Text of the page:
3. From Constitution to Concordat, 1921-1925
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3 | || From Constitution to Concordat, 1921–1925 The beginnings of normal political conditions in interwar Poland, or at least their approximation, had to await the end of the chaotic formative phase of independence, and so it was with the relationship of the Second Republic with the Roman Catholic Church at home and abroad. Not until the restored Rzeczpospolita had ensured its survival and more or less fixed its boundaries could it afford the luxury of attempting to decide the chief issues of church and state: the status of Catholicism within Poland, and of Poland within the Catholic world. Resolution of the first question required a constitution, while the second implied a concordat. These projects were separate but linked to a considerable degree. The constitution would fix the place of the Church in the country, define the state as confessional or secular or something in between, and provide the basis for subsequent legislation. While the constitution was, in theory, solely a Polish domestic matter, the concordat would consist of a treaty between the Holy See and the civil government of Poland devoted to religious affairs and policies of mutual concern.1 Strictly speaking, the concordat was dispensable , but the Vatican coveted such agreements in that era. For one thing, signing a concordat amounted to a de facto recognition of the sovereignty of the papacy—no small matter in those days before the Lateran Accords —and Rome much preferred the bond of an international compact as a guarantee of Catholic interests in a given land to the unilateral laws of a government that might be changed on a whim. Upon the conclusion of these two documents, the constitution in 1921 and the concordat in 1925, the legal and diplomatic foundations of the relations of church and state in the Second Republic came into being. Tentative, previous efforts had been made to speed the process or settle the debate at a stroke, but these had failed. In the dawn of independence, the Polish episcopate called for the establishment of the Church as the official national religion in keeping with the precedent of the Constitution of 1791, but this proposal elicited such spirited opposition from the Left and the sizable non-Catholic minority that Nuncio Ratti predicted that the famous motto Polonia semper fidelis soon might become “merely a historical memory.”2 Feelers for a Polish concordat had gone out as early as 1918, but had come to nothing owing to the resistance of an unlikely tacit coalition of anticlerical politicians and a faction among the bishops of Poland. Both camps disliked the idea on principle out of hostility toward each other, fearing that any deal would mean intolerable concessions to their foes. The unfinished business of the constitution also contributed to the postponement of a concordat. The dissident bishops hoped that a favorable constitution could take the place of the concordat, granting the Church benefits without strings attached. In any event, no matter what one thought of a concordat on its own merits, common sense suggested that it should follow, not precede, a constitution that would determine the nature of the state and its fundamental stance toward Catholicism, and before long the Vatican and the Polish episcopate agreed to that order of priority. The regulation of the ties of church and state in interwar Poland depended on the interplay of three entities: the Holy See, the country’s Roman Catholic hierarchy, and the government of the Second Republic. This was largely a dialogue of elites, as only the Warsaw regime was answerable to public opinion in any meaningful way. None of these parties saw the other members of the trio as enemies. To the contrary, all of them understood that Polish tradition and religious sentiment, and pragmatic calculations of shared interests, dictated that they maintain at least a decent working relationship . Still, each partner wanted different things out of the association, and these variations of outlook and goals made their collaboration bumpy and tense, perhaps all the more so since none could afford to let it break down. The Vatican expected the new Poland to serve the mission of Catholicism in central and eastern Europe, and expected the sometimes refractory Polish episcopate to fall into line with the agenda of the papacy. For their part, to the extent that they had a unified policy, the bishops demanded that their reborn republic grant honored status to the Church and enshrine its precepts in law, while hoping that Rome would leave management of Polish affairs...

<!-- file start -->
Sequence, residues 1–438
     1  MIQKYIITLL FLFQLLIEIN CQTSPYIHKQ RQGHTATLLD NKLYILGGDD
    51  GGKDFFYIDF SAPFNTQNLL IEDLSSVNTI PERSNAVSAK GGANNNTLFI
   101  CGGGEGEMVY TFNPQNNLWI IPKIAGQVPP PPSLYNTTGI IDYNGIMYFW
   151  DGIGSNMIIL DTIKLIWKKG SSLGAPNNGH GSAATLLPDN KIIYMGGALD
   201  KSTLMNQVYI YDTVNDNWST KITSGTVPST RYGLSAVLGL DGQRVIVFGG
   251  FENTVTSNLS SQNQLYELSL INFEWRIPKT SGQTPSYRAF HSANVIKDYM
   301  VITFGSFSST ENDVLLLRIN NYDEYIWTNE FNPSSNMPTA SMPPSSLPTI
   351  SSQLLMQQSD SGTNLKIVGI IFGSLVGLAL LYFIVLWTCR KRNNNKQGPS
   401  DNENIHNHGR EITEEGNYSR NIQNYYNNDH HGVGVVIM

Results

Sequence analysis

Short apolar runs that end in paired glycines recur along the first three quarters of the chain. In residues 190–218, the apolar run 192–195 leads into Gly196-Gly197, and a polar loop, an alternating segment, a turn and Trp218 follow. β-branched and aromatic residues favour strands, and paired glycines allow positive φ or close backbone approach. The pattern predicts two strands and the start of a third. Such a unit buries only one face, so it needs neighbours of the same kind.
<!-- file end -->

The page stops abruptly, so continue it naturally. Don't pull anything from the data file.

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Subject Headings

  • Church and state -- Poland -- History -- 20th century.
  • Catholic Church -- Poland -- Bishops -- History -- 20th century.
  • Poland -- Foreign relations -- Catholic Church.
  • Catholic Church -- Foreign relations -- Poland.
  • Secularism -- Poland -- History -- 20th century.
  • Poland -- Church history -- 20th century.
  • Poland -- Politics and government -- 1918-1945.
  • Piłsudski, Józef, 1867-1935.
  • Catholic Church -- Poland -- History -- 20th century.
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